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White House Chief of Staff Denis McDonough, at a meeting with members of the Senate Democratic Caucus at the U.S. Capitol in March, 2013.

White House Chief of Staff Denis McDonough, at a meeting with members of the Senate Democratic Caucus at the U.S. Capitol in March, 2013. (Pool photo by Chip Somodevilla/Getty Images )

WASHINGTON — The choice of Denis McDonough by President-elect Joe Biden to lead the Department of Veterans Affairs surprised some veterans advocates because they said he is not a veteran or medical expert and lacks the experience of running a large bureaucracy.

McDonough, 51, had not been mentioned by many as a candidate for the job leading up to Biden’s announcement Thursday that the former President Barack Obama aide was his pick. His selection was such a surprise that multiple veteran groups said they had news releases ready showing support for other candidates such as former Army undersecretary Patrick Murphy and former VA Secretary Bob McDonald.

“Like everyone, I was surprised and caught off guard,” said Jeremy Butler, chief executive of Iraq and Afghanistan Veterans of America, an advocacy group. “Ultimately after talking with takeaway is while he doesn’t meet all the criteria...he does bring some incredible talent and expertise and the respect and trust and the ear of President-elect Biden and that shouldn’t be overshadowed in any sense.”

Other advocates said they were hoping Biden would select a veteran to run the second-largest federal agency and the largest health care network in the country with more than 9 million patients.

“Maybe a post-9/11 veteran. Maybe a woman veteran. Or maybe a veteran who knows the VA exceptionally well,” said Joe Chenelly, national director of AMVETS, another advocacy group. “We are looking forward to hearing from President-elect Biden on his thinking behind this nomination.”

McDonough served as Obama’s chief of staff from 2013 to 2017 and deputy national security adviser from 2010 to 2013. During that time, he made a solid impression on Biden, according to Biden’s transition team. That relationship with the White House could be the key to moving some key veteran issues forward, Butler said.

“He is going to have a direct line to the White House,” he said. “He is going to have a steep learning curve, but I do think this is a real opportunity for us to make some substantial improvement in the way VA is managed and to get policy changes long overdue.”

McDonough’s managerial skills and knowing the ins and outs of government are the reason that he was selected, Biden said.

"McDonough is a largely unknown quantity for the veteran community because he lacks veteran status and does not have a significant track record in veterans affairs," Common Defense, a liberal-leaning veteran and foreign policy advocacy group, said in a statement. "However we hope that his selection signals that President-elect Joe Biden plans to leverage McDonough’s experience as the former White House chief of work extensively with Congress to pass transformative legislation to help us meet our needs."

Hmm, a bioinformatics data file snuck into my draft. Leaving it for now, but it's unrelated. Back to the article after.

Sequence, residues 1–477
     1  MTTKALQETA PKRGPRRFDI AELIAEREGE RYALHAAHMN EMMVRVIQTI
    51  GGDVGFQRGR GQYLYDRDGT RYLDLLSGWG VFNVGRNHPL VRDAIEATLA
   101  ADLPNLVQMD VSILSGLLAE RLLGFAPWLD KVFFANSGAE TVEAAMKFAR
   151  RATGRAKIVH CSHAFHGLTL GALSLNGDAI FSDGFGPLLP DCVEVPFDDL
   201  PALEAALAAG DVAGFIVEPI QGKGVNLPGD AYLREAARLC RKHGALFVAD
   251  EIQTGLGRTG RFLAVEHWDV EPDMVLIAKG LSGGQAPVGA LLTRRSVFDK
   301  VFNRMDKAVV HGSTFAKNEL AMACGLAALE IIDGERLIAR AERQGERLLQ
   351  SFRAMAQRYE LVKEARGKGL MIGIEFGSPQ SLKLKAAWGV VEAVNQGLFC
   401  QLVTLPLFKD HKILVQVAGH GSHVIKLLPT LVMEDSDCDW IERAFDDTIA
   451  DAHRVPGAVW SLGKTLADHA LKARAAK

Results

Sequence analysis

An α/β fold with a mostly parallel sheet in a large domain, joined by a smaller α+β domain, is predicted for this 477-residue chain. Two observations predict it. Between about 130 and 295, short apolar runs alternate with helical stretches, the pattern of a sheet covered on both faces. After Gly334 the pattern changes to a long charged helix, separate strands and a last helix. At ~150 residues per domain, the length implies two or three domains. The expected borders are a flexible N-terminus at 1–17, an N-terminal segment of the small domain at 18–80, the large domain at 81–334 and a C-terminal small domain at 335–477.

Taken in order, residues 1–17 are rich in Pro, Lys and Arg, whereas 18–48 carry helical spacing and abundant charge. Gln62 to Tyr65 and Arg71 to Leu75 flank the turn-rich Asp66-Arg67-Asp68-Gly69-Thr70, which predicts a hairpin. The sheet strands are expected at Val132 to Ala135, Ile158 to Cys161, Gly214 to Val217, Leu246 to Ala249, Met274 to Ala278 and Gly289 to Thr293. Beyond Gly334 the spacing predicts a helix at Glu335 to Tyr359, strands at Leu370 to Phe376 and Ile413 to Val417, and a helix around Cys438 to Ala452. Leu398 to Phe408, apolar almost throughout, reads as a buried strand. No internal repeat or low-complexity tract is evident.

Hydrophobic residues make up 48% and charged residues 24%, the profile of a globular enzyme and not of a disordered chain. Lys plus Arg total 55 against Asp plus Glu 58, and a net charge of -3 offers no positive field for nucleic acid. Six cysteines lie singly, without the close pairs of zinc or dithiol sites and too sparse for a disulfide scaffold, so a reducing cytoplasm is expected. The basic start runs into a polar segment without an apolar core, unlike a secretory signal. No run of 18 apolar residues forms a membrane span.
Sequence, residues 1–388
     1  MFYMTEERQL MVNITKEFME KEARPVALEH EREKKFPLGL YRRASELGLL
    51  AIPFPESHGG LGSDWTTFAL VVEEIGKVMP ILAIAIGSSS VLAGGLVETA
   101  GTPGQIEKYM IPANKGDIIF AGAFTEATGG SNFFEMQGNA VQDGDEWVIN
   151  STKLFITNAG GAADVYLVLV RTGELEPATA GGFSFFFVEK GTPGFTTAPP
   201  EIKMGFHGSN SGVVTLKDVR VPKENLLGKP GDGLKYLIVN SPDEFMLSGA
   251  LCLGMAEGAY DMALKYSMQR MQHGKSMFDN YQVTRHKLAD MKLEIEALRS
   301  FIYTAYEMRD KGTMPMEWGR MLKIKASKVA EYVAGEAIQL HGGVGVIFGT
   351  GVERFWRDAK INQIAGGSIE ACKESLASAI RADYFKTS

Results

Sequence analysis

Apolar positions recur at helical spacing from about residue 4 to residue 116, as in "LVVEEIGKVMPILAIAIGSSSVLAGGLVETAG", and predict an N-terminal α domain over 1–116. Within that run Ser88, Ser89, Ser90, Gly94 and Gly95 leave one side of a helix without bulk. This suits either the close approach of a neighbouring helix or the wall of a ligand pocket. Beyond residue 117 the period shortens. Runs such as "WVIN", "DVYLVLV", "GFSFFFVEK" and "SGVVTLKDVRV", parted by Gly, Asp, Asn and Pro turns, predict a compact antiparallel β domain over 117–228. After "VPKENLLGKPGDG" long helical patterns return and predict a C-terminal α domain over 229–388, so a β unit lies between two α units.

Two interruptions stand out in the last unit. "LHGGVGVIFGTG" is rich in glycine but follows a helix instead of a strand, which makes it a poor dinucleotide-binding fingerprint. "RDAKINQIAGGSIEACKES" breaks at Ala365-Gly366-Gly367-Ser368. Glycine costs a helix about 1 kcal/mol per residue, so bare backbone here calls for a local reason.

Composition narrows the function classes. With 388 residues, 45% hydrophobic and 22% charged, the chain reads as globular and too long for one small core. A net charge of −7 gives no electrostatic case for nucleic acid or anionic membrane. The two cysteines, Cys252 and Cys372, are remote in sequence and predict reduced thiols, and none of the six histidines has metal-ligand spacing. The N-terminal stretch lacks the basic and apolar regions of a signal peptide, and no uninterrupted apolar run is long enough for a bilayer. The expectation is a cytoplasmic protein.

Biden touted McDonough’s previous efforts as the deputy national security adviser to visit patients at Walter Reed National Military Medical Center in Bethesda, Md., and troops in combat zones. In 2012, for example, he visited Iraq and Afghanistan.

McDonough would come to VA at a critical time for the agency. The department’s budget has consistently increased during almost 20 years, reaching more than $200 billion in 2020 from $41 billion in 2001.

The department is increasingly looking to the private medical sector to take a larger chunk of the burden of veterans health care. However, VA is still picking up the tab. Biden has said he doesn’t support “total privatization,” but understands the need to expand care options to veterans, especially in rural areas.

Toxic exposure could be a major issue for the VA in the coming years and there are multiple bills on Capitol Hill aiming to expand health care and compensation. Some lawmakers have recently expressed impatience over VA’s inaction, denying the majority of claims from young veterans who say they are getting cancers and other illnesses after living in contaminated environments for months or even years.

Some lawmakers said they see McDonough as an opportunity to rebuild a relationship between the VA and Congress.

"I am confident that he understands the importance of health care and veterans policy, values the voices of [veterans groups], and unlike the current secretary, will actively work with Congress to support our veterans -- especially through the [coronavirus] pandemic," said Rep. Mark Takano, D-Calif., the chairman of the House Committee on Veterans’ Affairs.

The Biden’s VA secretary announcement also comes the same week as a scathing Fort Hood report showing systemic issues of failed leadership at the Texas base that contributed to a pattern of violence, including sexual harassment, assault and death.

One of the biggest challenges for the VA is making the agency a safe and welcoming place for women. Women are the fastest-growing demographic in the military, with the number using VA health care almost tripling since 2000, from 160,000 to 475,000, according to VA data. Veterans’ advocates have criticized the department for being slow to adapt to treating more women.

“It's alarming that when given an incredible opportunity to move our community forward 50 years, the Biden team didn't choose someone the veteran community saw themselves in or can trust to know our struggles,” said Pam Campos-Palma, a senior strategist and advocate for liberal-leaning Vets for the People, an advocacy group. Twitter: @StevenBeynon

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